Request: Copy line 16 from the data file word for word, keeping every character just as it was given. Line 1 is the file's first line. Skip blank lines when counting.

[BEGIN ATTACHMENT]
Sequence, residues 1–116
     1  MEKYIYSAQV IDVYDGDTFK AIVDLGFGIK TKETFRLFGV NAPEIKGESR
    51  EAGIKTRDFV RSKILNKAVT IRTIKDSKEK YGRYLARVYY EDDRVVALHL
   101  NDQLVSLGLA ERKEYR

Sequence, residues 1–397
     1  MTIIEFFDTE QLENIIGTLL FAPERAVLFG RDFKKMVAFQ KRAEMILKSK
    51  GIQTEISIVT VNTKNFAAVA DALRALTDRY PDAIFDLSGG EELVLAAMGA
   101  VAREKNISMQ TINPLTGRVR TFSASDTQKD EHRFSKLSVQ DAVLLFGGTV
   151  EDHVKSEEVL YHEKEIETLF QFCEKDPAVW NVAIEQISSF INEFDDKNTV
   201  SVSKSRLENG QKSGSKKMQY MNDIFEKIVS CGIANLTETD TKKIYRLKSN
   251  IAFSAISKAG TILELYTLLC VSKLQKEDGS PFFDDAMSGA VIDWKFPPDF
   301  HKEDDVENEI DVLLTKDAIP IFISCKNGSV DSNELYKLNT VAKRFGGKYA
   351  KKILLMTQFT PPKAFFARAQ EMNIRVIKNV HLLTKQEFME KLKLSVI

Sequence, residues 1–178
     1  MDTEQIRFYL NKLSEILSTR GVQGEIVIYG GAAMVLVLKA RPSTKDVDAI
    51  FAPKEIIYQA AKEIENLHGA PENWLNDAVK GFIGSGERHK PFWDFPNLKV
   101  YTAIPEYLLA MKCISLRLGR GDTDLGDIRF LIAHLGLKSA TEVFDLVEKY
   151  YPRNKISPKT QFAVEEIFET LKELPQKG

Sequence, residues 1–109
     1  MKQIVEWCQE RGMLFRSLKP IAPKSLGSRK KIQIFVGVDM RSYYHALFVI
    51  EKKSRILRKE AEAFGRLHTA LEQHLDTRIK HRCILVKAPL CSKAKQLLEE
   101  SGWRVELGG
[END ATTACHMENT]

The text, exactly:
    51  FAPKEIIYQA AKEIENLHGA PENWLNDAVK GFIGSGERHK PFWDFPNLKV